What is a public record under the Public Information Act?
A public record is defined as the original or copy of any documentary material in any form created or received by an agency in connection with the transaction of public business. Included in the definition are written materials, books, photographs, photocopies, microfilms, records, tapes, computerized records, maps, drawings, and other materials. As technology has advanced, the term has been considered to include email messages as well as text messages.
What public records can I obtain from an agency or governmental unit?
When an individual requests public records from an agency or governmental unit, the agency or unit must provide records that it has within its possession or control. There are some exceptions that apply to confidential materials. In addition, agencies have retention and destruction policies in place that may render materials unavailable after a certain period of time.
When a contractor stores or uses records for a government agency and the records involve ongoing government operations, those records are subject to a PIA request that the agency receives. The physical location of the records with the contractor does not govern the analysis. Instead, the focus is on whether the records fall within the control of the custodian. Similarly, when a contractor performs services for a government agency that include the submission of a formal report or status updates to the government agency, those records would be subject to the PIA. Presumably, the agency's records management system would provide guidance regarding how long and where to keep the materials. If the items were misplaced or could not be found, however, the agency may have the responsibility for obtaining the records from the contractor to correct the deficiency. And if the contractor failed to provide the information in the first instance, the agency would have a right to obtain them to complete its own records.
How do I request public records?
There is no central location from which to request public records. Instead, a request should go to the agency that has responsibility for the record(s) you seek. The Public Information Act Representatives list located in the List of Custodians shows the contact person for each government agency. If you do not know what agency has the records you seek, you may review the Maryland Manual on the Maryland Archives website, check agency websites directly, or contact your local library for assistance from the reference staff to identify the agency that has the particular type of record.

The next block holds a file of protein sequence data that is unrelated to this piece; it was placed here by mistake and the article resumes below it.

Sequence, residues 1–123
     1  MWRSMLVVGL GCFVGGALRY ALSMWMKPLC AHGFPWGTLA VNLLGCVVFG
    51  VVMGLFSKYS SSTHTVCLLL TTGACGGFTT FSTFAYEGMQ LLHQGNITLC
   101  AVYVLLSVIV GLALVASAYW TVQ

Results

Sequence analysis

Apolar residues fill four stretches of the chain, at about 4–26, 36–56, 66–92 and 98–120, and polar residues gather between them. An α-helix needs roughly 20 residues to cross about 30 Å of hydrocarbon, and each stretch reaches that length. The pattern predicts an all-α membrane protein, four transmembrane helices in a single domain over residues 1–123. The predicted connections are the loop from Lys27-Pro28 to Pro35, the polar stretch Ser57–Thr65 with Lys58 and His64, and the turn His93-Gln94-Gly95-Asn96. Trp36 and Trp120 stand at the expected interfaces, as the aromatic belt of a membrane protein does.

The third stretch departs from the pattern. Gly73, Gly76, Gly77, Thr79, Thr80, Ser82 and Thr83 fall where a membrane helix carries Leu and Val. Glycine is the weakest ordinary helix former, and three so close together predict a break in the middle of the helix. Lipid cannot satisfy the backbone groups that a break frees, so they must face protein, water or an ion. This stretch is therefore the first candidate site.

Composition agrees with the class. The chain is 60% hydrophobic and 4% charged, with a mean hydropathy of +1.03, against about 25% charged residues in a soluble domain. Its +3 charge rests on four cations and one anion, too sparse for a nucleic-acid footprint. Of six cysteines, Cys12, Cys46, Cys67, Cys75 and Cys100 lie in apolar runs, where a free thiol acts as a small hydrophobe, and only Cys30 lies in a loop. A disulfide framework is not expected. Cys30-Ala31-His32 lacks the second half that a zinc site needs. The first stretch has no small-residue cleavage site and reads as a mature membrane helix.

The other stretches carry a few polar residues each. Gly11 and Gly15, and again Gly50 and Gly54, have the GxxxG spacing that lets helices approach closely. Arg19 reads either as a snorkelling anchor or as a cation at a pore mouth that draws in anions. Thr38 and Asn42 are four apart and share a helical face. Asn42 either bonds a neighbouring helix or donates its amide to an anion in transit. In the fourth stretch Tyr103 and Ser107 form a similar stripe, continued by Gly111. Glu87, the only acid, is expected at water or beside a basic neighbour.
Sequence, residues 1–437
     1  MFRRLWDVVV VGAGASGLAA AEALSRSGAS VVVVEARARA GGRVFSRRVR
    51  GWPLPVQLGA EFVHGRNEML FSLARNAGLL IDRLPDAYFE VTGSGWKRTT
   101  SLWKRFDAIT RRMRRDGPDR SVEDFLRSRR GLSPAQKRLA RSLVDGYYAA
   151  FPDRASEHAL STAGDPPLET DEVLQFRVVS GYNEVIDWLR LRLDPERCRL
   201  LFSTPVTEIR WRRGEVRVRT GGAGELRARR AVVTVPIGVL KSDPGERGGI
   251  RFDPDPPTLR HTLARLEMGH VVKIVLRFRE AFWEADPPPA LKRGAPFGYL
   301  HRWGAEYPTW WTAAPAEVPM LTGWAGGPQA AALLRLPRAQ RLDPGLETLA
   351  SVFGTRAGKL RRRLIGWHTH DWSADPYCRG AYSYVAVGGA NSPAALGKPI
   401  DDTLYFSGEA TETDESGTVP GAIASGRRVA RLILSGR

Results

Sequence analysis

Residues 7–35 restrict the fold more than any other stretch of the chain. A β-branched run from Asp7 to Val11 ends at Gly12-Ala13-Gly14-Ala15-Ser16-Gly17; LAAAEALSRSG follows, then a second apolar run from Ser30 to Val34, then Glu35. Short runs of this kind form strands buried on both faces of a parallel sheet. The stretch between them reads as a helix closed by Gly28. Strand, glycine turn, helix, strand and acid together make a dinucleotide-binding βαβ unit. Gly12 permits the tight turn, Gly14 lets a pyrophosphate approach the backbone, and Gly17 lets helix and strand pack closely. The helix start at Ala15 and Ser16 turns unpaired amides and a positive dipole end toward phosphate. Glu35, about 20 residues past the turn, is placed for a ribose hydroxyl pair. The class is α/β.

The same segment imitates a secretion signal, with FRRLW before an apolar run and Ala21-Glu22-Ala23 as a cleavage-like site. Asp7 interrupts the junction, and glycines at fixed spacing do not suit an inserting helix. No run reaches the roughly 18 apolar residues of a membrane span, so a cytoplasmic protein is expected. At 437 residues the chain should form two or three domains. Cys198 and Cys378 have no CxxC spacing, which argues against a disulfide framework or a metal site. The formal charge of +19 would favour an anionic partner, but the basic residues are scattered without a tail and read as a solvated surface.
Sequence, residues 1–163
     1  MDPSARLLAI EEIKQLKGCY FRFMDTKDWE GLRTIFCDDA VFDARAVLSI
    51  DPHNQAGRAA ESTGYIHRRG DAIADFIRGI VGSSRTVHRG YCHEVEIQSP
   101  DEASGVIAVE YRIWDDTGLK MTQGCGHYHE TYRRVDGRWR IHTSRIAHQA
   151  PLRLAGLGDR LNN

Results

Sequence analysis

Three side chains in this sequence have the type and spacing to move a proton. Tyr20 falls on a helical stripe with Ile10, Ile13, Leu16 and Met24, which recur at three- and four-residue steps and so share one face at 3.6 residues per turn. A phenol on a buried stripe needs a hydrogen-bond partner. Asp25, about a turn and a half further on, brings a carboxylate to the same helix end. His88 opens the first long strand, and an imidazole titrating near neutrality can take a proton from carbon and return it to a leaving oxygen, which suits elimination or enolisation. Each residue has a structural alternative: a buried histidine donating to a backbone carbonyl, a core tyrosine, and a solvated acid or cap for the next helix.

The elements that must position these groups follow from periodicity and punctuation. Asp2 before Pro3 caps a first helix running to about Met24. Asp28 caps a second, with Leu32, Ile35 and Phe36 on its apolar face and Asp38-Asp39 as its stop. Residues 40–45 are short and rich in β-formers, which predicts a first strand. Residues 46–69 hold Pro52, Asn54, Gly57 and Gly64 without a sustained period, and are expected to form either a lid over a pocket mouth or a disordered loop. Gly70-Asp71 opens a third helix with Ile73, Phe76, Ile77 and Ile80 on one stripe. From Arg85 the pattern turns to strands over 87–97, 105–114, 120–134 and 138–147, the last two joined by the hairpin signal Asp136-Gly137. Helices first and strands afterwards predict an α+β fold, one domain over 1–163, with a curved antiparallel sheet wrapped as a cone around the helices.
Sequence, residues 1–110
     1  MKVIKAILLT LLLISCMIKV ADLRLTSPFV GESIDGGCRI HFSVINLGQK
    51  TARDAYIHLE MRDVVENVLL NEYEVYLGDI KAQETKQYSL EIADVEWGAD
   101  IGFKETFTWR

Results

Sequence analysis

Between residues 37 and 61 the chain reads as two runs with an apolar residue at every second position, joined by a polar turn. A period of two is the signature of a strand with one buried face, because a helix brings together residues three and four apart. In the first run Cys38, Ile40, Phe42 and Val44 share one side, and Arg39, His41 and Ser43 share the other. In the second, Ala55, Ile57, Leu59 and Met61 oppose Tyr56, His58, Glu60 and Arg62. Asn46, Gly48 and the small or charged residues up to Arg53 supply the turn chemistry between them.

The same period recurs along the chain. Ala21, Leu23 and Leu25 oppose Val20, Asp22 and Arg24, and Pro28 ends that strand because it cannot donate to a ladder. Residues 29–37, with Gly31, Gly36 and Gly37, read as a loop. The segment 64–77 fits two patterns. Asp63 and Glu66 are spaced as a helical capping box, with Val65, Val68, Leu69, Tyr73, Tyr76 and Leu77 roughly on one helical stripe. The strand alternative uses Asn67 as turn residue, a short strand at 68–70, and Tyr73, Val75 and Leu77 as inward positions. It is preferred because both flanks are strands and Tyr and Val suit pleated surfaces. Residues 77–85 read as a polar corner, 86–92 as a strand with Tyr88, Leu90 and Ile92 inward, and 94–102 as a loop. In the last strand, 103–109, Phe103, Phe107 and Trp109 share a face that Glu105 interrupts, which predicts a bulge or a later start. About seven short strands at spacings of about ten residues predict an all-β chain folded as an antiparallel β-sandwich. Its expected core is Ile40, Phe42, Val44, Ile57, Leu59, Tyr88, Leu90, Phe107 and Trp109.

What does the Ombudsman do?
The Public Access Ombudsman mediates disputes under the Public Information Act that a requester and a records custodian have been unable to resolve themselves. The Ombudsman does not accept PIA requests on behalf of agencies and cannot compel the parties to act in a particular way. The Ombudsman's duties focus solely on attempting to resolve disputes between a requester and a records custodian about a pending request for public information.
What information do I need to submit with a request to the Ombudsman?
A request for assistance from the Ombudsman should include the initial request for information, the response, the dates of each, and a description of the dispute involved. See the intake form for details of the submission. [link to the form]
How long does the process take once I ask for the Ombudsman's assistance?
You will be contacted by the Office of the Ombudsman within a few days once you submit a complaint, depending on the Ombudsman's workload. Depending on the amount of details you include, you may be asked for additional information before the Ombudsman can contact the person or agency that is the subject of your complaint. Once the Ombudsman has spoken with both of you, the length of time to resolve your dispute depends on the cooperation of the requester and the records custodian and on the Ombudsman's caseload.
Can I appeal the results achieved by the Ombudsman to a court or other hearing officer?
No. Because the role of the Ombudsman is to serve as a mediator, there is no decision made by the Ombudsman and, therefore, no ability to file an appeal from the outcome of the mediation process.
Where can I learn more about the PIA?
The PIA Manual contains extensive discussion of the law and includes an overview of its provisions in the List of Custodians.
200 St. Paul Place, Baltimore, MD 21202
410-576-6300 / 1-888-743-0023 toll-free / TDD: 410-576-6372